I love Siegfried Sassoon’s writing; he is so warm, engaging, humorous and self deprecating. He makes it clear that Sherston’s experiences are not representative of everyone’s, and he is very aware of his own privilege as an Officer rather than a Private. He doesn’t consider himself to have been brave – more reckless than anything – and the pain of the many losses of friends he experienced and the horror of what he saw is raw and moving without needing to be shocking or sensationalised. The slow emergence of his doubt and anger towards the war is fascinating to read; while he is part of the machine, Sherston never questions why he is there or whether it is right for him to be shooting at other men. This echoes Graves’ account in Goodbye to All That. The war became a strange, self contained world where the primary motivator was survival, not ideals. However, once Sherston has a chance to reflect and has been disillusioned by spending time with seemingly ungrateful civilians, he begins to break free of the unquestioning bonds of loyalty and honour that have been drummed into him from his youth, and think for himself. Is there ever a right or a wrong when you are looking another human being in the eyes with a gun in your hand? Is there such a thing as a ‘noble cause?’ Sassoon raises plenty of questions without being hectoring or didactic, and his honesty and openness are refreshing and enlightening to read. Memoirs don’t get better than this; for a gripping and human account of what it was really like to live through war, you have to read Sassoon’s writing. I loved every minute, and am already looking forward to the third instalment.


  1. Mystica says:

    New for me. Thanks for the introduction.

    1. bookssnob says:

      I’m glad to have introduced you to such a brilliant book, Mystica!

  2. Alex says:

    I’ve meant to read this ever since I read Pat Barker’s ‘Regeneration’ which, of course, deals with the hospital to which Sassoon was sent. Typically, I’ve never got round to it. Thank you for the prompt. I’ll move it up the pile.

    1. bookssnob says:

      I have never read Regeneration, Alex, and I am keen to now I have read both Graves and Sassoon. You must read this – it’s truly excellent!

  3. Lucy says:

    I’m not usually drawn to war literature, but this sounds like an eye-opening, compelling read. I’m interested in the everyday life of soldiers, what it was really like to be there, and especially how they adapted to such conditions mentally. It’s incredible how the human mind can normalize such a terrifying and dehumanizing situation. It’s also interesting to track how his views changed and to think about the questions you mentioned.

    On a different note, I checked out the University of York and the program looks great; however, they just stopped accepting applications for 2012 from international students (on May 21st!). I’m just a little bit too late! So I will keep my fingers crossed for the University of Nottingham πŸ™‚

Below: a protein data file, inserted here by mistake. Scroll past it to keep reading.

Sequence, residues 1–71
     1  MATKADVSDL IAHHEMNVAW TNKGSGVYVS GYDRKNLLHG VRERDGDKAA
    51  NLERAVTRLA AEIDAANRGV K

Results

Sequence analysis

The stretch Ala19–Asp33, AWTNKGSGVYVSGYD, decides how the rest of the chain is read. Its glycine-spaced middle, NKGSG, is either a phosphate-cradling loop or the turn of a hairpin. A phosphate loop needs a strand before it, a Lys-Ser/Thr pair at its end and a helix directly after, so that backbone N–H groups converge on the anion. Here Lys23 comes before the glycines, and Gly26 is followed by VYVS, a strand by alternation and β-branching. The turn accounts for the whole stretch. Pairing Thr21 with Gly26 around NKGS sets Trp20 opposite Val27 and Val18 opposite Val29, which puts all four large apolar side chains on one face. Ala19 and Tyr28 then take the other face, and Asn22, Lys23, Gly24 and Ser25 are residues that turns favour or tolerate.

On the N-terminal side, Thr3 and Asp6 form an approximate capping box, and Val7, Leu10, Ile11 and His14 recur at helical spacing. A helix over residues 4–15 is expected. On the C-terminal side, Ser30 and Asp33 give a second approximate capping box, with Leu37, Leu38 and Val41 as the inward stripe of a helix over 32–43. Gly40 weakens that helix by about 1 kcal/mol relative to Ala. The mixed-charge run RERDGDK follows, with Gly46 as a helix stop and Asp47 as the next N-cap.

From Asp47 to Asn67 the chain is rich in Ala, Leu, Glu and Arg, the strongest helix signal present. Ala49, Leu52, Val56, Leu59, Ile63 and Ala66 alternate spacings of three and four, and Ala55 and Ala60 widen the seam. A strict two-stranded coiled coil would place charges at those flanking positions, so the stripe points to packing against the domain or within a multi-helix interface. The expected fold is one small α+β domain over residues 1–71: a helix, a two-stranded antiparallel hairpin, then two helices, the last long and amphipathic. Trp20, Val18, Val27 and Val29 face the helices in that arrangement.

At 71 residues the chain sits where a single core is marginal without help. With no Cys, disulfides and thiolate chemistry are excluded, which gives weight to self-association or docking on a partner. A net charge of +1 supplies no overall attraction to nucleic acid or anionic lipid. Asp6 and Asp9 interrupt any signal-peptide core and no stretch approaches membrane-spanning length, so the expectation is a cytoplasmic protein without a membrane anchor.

1. bookssnob says:

      I think you’d definitely enjoy this Lucy, if that is what you are interested in- Sassoon’s account especially is very much of the humdrum of life as a soldier as well as the battles and the emotional torment that precedes and follows them. It’s so well written. I can’t recommend it more highly!

      Oh what a shame! It might be worth getting in touch with them and checking whether that was an absolute deadline – international students are a goldmine for UK universities so they are usually keen to bend the rules!

      Good luck with it all! If I can help with anything please do get in touch. πŸ™‚

  4. You’ve written another compelling review, Rachel, and another book becomes penned onto my list. It seems we never learn when it comes to war and lives are lost or forever changed with the masses not ever really understanding, doesn’t it? I’m eager to read your assessment of the third installment.

    I enjoyed your accounting of your return to Bronte country, Rachel. I’ve been so busy lately, I haven’t had time until now to let you know it. Someday, I do hope to visit. Until I do, please keep up your writings of your travels.

    1. bookssnob says:

      Thank you Penny, and I’m glad this one has made it onto your list. It’s such a brilliant book and yes it does make you think how sad and frustrating it is that so many people have suffered and died and yet still wars continue. They never achieve anything!

      Oh thanks Penny – i hope you will get to go and see it for yourself one day. It is truly magnificent. Don’t worry, I will – I have many more adventures planned for the summer! πŸ™‚

  5. Darlene says:

    Echoing lifeonthecutoff’s comment about Bronte country, Rachel. The garden has made its own call to action and is taking up the little bit of spare time we have each day, at least until things are all planted.
    I have been in the mood for non-fiction lately…funny, sunshine and warm temperatures don’t usually do that to most people. These books must be difficult to read at times but if young men and women have lived through the horror then the least we can do is read their words.

    1. bookssnob says:

      I wish I had a garden to take up all my time, Darlene! I hope you are enjoying getting ready for the summer! I think so too – they might not always be easy or light hearted reads, but they deserve to be read, and thought about, and learned from.

  6. Jenny says:

    I always have excellent intentions for a reading project in which I read all of Pat Barker and all of Sassoon. IT WILL HAPPEN. I just haven’t decided in what order it will all happen. Once that tiny detail gets ironed out I will embark on this project! Rachel I will.

    1. bookssnob says:

      Jenny you need to make it happen! I know you’ll love Sassoon and he’ll become your new crush! I promise! πŸ™‚

  7. Col says:

    After you reviewed Sassoon’s “Memoirs Of A Fox Hunting Man” I added it to my list of books to find and read in the future. I would have stopped there initially I think, but your review of this second instalment is just so sharp, informative and compelling, it sounds like another special reading experience that I want to track down – hence another for the list!

    1. bookssnob says:

      I’m glad I’ve convinced you to add this to the list, Col! Read it sooner rather than later!!